Keir Starmer never backed the pay fight—and now he wants to wreck it with migrant bashing. In a speech on Tuesday, the Labour Party leader told bosses that he was both “ready for partnership” with them and that he—essentially—wants them to cut migrants’ jobs.
This, he said, was the Labour Party’s solution to low pay for workers. Starmer said Labour and bosses’ “common goal” should be to “help the British economy off its migrant dependency.” “The days when low pay and cheap labour are part of the British way on growth must end,” Starmer said.
The speech was so right wing that Tory newspaper the Telegraph wrote on Tuesday that its message “echoes that adopted by successive Tory prime ministers, including Boris Johnson and now Rishi Sunak.” Those Tory prime ministers all thought that by bearing down on migrants they could pretend to be on the side of workers.
At the same time, they would shift attention away from the real cause of low pay. That’s the years of austerity and real-terms wage cuts bosses have stuck to since the financial crisis over a decade ago. Keir Starmer thinks that by copying them he can win support for Labour in the so-called “Red Wall”.
This is the areas of the north and midlands of England where, politicians and pundits imagine, working class people are defined by hostility to immigration. There’s no evidence that this is true of working class people anywhere. But for Starmer, appealing to the most reactionary elements of society is better than the alternative—backing strikes and a fightback. It’s telling that Starmer made his speech at the conference of the Confederation of British Industry, where all the biggest bosses gather.
They’re the very people hoarding the cash to make sure no one gets a pay rise now. And they’re the same people Starmer has spent his entire time as Labour leader trying to win over.
In the same speech, Starmer promised a “new partnership” with business, “different than anything that has gone before”. “This is a different Labour Party and there’s no going back,” he told them.” He added that Labour is “Not just a pro-business party but a party that is proud of being pro-business.”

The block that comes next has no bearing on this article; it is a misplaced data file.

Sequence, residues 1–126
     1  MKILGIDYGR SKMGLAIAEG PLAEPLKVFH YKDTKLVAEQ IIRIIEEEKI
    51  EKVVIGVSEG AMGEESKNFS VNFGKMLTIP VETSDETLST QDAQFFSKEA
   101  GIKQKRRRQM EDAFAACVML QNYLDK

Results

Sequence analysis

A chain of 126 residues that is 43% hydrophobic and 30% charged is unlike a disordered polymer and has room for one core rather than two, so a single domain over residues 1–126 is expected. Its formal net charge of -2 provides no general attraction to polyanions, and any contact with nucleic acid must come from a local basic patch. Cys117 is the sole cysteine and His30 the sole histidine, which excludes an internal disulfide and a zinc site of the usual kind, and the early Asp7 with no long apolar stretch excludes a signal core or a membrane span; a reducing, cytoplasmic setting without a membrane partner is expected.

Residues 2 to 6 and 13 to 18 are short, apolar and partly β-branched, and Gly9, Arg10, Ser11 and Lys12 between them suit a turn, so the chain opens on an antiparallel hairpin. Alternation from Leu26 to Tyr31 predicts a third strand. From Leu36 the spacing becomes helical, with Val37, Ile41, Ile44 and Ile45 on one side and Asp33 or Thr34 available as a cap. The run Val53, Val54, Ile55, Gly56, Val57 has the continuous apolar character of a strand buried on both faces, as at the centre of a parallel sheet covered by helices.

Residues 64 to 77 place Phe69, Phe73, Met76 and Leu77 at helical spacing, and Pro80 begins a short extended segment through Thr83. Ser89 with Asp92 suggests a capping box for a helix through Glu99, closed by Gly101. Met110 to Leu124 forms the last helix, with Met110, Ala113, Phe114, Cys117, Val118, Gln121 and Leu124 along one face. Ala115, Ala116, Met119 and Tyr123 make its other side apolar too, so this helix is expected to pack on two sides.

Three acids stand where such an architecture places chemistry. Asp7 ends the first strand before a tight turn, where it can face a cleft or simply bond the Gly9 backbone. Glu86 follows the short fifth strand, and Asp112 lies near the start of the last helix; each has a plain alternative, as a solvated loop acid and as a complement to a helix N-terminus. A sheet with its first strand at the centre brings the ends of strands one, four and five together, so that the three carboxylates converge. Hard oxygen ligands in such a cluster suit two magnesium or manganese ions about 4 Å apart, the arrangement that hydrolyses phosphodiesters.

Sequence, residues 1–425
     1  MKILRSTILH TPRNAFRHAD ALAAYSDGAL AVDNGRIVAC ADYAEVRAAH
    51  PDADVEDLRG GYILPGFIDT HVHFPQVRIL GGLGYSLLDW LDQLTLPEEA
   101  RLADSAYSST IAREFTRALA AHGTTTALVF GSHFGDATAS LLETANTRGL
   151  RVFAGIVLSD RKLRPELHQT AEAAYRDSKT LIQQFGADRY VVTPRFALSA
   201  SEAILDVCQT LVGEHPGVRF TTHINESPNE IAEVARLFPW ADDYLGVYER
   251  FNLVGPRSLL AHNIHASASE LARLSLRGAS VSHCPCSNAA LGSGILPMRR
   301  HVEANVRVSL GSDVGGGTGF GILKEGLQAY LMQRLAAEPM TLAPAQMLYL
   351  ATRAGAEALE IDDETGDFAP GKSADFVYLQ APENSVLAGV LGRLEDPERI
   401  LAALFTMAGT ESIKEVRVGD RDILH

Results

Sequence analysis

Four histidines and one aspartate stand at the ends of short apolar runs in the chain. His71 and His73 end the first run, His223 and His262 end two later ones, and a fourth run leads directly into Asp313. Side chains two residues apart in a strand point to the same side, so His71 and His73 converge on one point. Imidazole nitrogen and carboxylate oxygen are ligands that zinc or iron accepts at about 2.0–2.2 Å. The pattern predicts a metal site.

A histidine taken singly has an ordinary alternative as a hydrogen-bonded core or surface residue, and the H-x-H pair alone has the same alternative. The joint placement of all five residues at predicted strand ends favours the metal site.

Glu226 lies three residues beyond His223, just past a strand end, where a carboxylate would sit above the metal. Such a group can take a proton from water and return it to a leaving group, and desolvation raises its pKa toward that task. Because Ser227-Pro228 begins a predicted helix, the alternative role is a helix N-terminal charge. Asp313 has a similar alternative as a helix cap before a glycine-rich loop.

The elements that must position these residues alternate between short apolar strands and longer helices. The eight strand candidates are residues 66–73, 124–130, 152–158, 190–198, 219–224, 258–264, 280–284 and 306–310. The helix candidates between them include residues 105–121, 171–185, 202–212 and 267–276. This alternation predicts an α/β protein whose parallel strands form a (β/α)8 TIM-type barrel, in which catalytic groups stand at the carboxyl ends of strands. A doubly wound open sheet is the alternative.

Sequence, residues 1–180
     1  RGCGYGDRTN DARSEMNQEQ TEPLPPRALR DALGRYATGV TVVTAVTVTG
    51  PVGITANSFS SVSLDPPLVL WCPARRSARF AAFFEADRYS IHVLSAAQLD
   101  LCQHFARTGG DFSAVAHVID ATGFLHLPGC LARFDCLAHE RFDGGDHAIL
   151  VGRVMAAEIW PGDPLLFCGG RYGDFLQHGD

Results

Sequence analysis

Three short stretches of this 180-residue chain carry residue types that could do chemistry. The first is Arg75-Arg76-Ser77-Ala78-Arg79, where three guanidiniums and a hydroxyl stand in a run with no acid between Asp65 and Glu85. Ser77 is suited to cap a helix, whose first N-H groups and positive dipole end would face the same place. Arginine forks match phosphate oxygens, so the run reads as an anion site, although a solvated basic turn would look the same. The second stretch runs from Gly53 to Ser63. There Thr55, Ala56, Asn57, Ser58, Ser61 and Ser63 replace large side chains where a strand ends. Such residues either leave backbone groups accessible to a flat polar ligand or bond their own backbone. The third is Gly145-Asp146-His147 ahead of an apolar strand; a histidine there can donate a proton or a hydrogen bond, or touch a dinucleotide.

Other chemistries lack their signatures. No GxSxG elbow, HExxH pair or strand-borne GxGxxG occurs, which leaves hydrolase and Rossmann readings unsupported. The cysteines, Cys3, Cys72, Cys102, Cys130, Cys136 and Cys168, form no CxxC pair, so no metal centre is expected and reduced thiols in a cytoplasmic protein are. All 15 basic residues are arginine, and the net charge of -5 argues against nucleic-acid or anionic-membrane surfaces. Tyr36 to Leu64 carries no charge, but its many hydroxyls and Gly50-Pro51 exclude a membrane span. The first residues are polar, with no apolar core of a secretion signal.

So Starmer didn’t demand bosses pay a £15 minimum wage. With inflation now at 14.2 percent, even that is inadequate. But it’s too much for Starmer. He didn’t mention the strikes either—and that sent a message too. Starmer was talking of “partnership” with bosses in a week that a quarter of a million people confronted theirs with walkouts.
The bosses at the CBI could be reassured that, rather than siding with the strikes, Starmer would prefer to turn on migrant labour instead. Anti-migrant scapegoating doesn’t just turn attention away from the pay strikes—it can divide and weaken them. Study after study has shown that migrant labour has little to no impact on wages. But migrant workers have often been at the forefront of strikes to win more.
Today’s pay strikes depend on all workers being able to stand solidly together. That unity and solidarity breaks down if the politics that Starmer is now pushing takes hold.
Worse, the forces that actually benefit from that division get stronger. It can boost the Tories, who love nothing more than to bash migrants rather than bosses—and worse. When Labour prime minister Gordon Brown took up the slogan “British jobs for British workers,” the Nazi party the BNP celebrated that he’d brought their message into the mainstream.
It underlines the need both for the present strikes to escalate—and to take on politics. Activists and strikers should take an anti-racist argument to every strike and picket line this week, and make sure the unity of the picket line beats the division pushed by politicians.Original post